House Passes Blueprint for $500 Billion Investment in Renewables, Resilience, Grid
This morning, the House passed H.R. 5376,[i] the Build Back Better Act (the “BBB Act”), by a vote of 220-213. If it clears the Senate and is signed into law, the BBB Act would represent one of the largest investments in U.S. history under the banner of “climate resilience, clean energy, and environmental justice.” The bill includes over $500 billion in climate policy funding—largely focused on incentivizing renewable energy, reducing traditional energy sources, and encouraging industry to reduce carbon emissions.
The long road the legislation will have to travel through the Senate reconciliation process is well known.[ii] Less well known is exactly what is in the bill. For the benefit of our readers, Marten Law and Quinn Emanuel Urquhart & Sullivan, LLP have teamed up to provide this summary of the major environmental provisions in the BBB Act. These provisions will most significantly impact our clients in the energy and financial sectors. If enacted, this legislation will affect billions of dollars of business over the next decade.
For clarity, we have bundled the BBB Act provisions by the House Committee with jurisdiction over that section of the bill.
Committee on Natural Resources: Offshore Wind Leasing, Phasing Out Traditional Energy Sources, and Building Climate Resilience
The Committee on Natural Resources adopted provisions that would expand offshore wind development, increase the cost of traditional energy sources, and allocate funds for projects framed as building “resilience” of public lands and wildlife habitats.
The U.S. Department of the Interior has already announced leasing opportunities off the Atlantic, Pacific, and Gulf coasts. The BBB Act would direct Interior to hold offshore wind lease sales in federal waters in the Eastern Gulf of Mexico, the Atlantic coast off North Carolina, South Carolina, Georgia, and Florida, and the territorial waters around American Samoa, Guam, the Northern Mariana Islands, Puerto Rico, and the U.S. Virgin Islands. These lease sales are intended to raise significant revenues to fund other portions of the bill and to achieve the Biden Administration’s plan to site 30GW of offshore wind power by 2030.
The BBB Act would ban new offshore oil and gas leasing along the Atlantic and Pacific coasts and in the Eastern Gulf of Mexico. The Act would also repeal the provision of the 2017 Tax Act (P.L. 115-97) that opened the Arctic National Wildlife Refuge to oil and gas leasing, cancel all leases sold within the Refuge, and return the payments and royalties made for those leases. The BBB Act would increase the onshore royalty rates for new oil, gas, and coal leases, as well as the offshore royalty rates for all new oil and gas leases. It would eliminate noncompetitive oil and gas leasing on public lands. It would also establish several new fees, including: a severance fee on oil, gas, and coal production; a new annual fee on idle wells on public lands; and a fee for the operation of offshore pipelines based on length of pipeline.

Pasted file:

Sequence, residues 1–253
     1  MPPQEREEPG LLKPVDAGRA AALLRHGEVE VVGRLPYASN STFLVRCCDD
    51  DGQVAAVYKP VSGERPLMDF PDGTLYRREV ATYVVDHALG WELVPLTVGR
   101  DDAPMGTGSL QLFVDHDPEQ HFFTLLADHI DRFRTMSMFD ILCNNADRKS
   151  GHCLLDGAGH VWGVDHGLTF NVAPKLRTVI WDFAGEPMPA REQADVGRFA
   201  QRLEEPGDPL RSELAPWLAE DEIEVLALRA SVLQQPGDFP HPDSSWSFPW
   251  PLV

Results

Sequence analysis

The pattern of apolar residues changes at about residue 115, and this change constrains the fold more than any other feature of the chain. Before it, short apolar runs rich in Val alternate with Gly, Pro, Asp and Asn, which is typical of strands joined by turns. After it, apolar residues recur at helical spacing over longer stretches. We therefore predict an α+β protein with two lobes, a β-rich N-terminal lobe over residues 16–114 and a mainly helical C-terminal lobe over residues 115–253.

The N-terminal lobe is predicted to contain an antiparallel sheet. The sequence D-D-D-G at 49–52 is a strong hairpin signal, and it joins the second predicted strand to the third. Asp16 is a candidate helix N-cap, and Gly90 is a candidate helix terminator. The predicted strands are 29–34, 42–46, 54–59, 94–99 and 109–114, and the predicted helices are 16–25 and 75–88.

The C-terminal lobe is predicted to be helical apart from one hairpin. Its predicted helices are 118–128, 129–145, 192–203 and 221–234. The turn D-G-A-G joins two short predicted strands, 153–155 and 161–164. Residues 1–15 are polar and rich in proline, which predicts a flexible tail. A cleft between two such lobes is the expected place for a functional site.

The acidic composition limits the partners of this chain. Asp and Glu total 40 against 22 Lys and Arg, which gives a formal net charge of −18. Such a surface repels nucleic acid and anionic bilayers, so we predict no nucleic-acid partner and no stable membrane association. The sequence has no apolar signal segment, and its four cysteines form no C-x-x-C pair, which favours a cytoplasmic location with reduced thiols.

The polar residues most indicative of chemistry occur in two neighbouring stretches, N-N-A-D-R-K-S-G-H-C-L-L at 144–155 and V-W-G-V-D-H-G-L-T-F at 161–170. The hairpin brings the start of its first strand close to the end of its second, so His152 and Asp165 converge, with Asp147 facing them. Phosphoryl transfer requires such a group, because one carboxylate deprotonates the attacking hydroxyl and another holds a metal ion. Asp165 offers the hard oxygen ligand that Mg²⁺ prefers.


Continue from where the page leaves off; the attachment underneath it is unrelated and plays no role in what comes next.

The Act would also allocate significant funding for “environmental justice” initiatives. It would give $65 million to the Council on Environmental Quality (“CEQ”) to collect data on the impact of a changing climate on “environmental justice communities.” It provides specific funds for water projects, canal repair, and to create pilot projects for solar panels over repaired canals. The Act also includes funding for national park “climate resiliency” and to fund the national park deferred maintenance backlog. It provides funding to map and restore wildlife corridors. It also provides funds for Endangered Species Act recovery plans, including particular funding to implement recovery plans for island plants, pollinators, freshwater mussels, and desert fish. The BBB Act funds Pacific salmon and steelhead habitat resilience and recovery programs. And finally, the Act provides $250 million to address general wildlife habitat resilience and control invasive species.
Committee on Agriculture: Forestry, Rural Renewable Energy, and Conservation